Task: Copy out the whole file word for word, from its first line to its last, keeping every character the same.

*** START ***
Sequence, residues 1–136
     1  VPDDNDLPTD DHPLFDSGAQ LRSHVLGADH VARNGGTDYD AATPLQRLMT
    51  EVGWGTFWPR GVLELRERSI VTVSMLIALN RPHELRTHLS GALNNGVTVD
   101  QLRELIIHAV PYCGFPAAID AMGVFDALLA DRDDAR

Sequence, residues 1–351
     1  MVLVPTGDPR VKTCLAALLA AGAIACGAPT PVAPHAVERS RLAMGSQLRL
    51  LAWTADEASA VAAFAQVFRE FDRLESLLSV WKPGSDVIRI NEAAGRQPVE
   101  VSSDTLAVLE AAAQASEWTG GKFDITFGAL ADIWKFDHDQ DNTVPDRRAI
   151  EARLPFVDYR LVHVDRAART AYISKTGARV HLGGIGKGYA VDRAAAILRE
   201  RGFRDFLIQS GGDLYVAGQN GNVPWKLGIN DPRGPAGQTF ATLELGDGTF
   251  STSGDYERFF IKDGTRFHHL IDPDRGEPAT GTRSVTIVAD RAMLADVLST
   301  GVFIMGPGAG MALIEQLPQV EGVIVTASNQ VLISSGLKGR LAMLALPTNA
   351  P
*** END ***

Sequence, residues 1–136
     1  VPDDNDLPTD DHPLFDSGAQ LRSHVLGADH VARNGGTDYD AATPLQRLMT
    51  EVGWGTFWPR GVLELRERSI VTVSMLIALN RPHELRTHLS GALNNGVTVD
   101  QLRELIIHAV PYCGFPAAID AMGVFDALLA DRDDAR

Sequence, residues 1–351
     1  MVLVPTGDPR VKTCLAALLA AGAIACGAPT PVAPHAVERS RLAMGSQLRL
    51  LAWTADEASA VAAFAQVFRE FDRLESLLSV WKPGSDVIRI NEAAGRQPVE
   101  VSSDTLAVLE AAAQASEWTG GKFDITFGAL ADIWKFDHDQ DNTVPDRRAI
   151  EARLPFVDYR LVHVDRAART AYISKTGARV HLGGIGKGYA VDRAAAILRE
   201  RGFRDFLIQS GGDLYVAGQN GNVPWKLGIN DPRGPAGQTF ATLELGDGTF
   251  STSGDYERFF IKDGTRFHHL IDPDRGEPAT GTRSVTIVAD RAMLADVLST
   301  GVFIMGPGAG MALIEQLPQV EGVIVTASNQ VLISSGLKGR LAMLALPTNA
   351  P